Sunday, May 17, 2009

Dean hands council a responsible budget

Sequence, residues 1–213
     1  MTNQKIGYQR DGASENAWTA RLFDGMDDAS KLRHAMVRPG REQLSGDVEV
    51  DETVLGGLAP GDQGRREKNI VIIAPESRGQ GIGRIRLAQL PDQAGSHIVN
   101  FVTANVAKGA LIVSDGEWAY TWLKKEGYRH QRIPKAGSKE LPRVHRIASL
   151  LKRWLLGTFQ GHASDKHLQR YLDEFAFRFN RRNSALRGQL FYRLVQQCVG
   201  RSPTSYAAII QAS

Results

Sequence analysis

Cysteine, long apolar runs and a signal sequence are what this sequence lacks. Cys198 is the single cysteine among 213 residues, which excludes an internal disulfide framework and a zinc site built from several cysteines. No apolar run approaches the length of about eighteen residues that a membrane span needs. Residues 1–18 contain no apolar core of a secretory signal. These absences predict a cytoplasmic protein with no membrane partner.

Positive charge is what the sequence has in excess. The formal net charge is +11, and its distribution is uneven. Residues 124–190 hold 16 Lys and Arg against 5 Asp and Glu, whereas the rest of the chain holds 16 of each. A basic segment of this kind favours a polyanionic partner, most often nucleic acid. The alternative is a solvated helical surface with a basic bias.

Tennessean Today's Topic: Hard times test Metro budget Our View In an enormously daunting budget year, it should be said that Nashville Mayor Karl Dean has remained largely committed to priorities he outlined since he first ran for office in 2007. Sticking to campaign commitments should not go unnoticed. Dean has submitted both an operating budget and a capital budget that maintain the basic commitments he made as a candidate and has demonstrated as mayor. He has kept that focus despite a historic economic slump. In fact, revenues have declined by $27 million, and the city is looking at a 2.24 percent decrease in its budget. It should also be said here that despite sharp demand for new money, Nashvillians are seeing no great pleas for tax increases at the local, state or national levels. Leaders appear to be keenly aware of the financial constraints being felt and are resisting notions of tax increases. Dean is following the same sensible path by recommending no property tax increase for the coming fiscal year. Dean's latest budget proposal maintains established funding for Metro schools and continues attention to public safety and broad economic goals. Naturally, there is pain in the budget in order to work with a decrease in revenue and a vow not to raise taxes. The largest pain is in layoffs. Metro would lay off at least 100 workers and eliminate up to 180 vacant positions. The mayor also would suspend bonuses. Further, his plan would make 10 percent cuts in many Metro departments, and he recommends substantial reductions in Metro's vehicle fleet. It stands out, then, that the mayor would still emphasize a commitment to mass transit, including a rapid transit line on the Gallatin Road corridor — another original campaign commitment and an excellent step forward in that area. Meanwhile, the proposal, while not eliminating the services, does call for significant cuts in hours at the public library and at community centers, as well as reductions in the frequency of mowing grass and the level of maintenance crews. It might sound like an easy call to reduce hours in libraries and recreation, but the city should recognize that those are the very types of places that offer quality time for the city's young people. Limiting time spent in libraries and community centers creates more idle time for those children, which can kindle trouble. A major problem for Nashville, like cities across the country, is the public health facility, Nashville General Hospital at Meharry. Dean proposes to forgive a $32 million line of credit to the hospital authority, but the agency will still have a $2 million deficit. The solution for General is meaningful national health-care reform. No mayor, council member or local hospital administrator can solve this problem. It is bigger than their powers. National leadership on health care is crucial. The highlight of the mayor's capital budget list is the 28th Avenue connector, which would link health-care facilities, higher education institutions and commercial traffic in ways that would correct the dissection of part of the city by the construction of I-40 years ago. Metro's capital projects had been put on hold by the credit freeze, but the prospects of updating the city's wish list are encouraging. No one could say they like the Dean budget proposal. It is a lean serving for lean times. But there is an air of responsibility in it that serves Nashville well at this point. The Metro Council has the ball now. The council should take the proposal, recognize its strengths, and shore up important areas where it can. There is little room to maneuver in these economic conditions.

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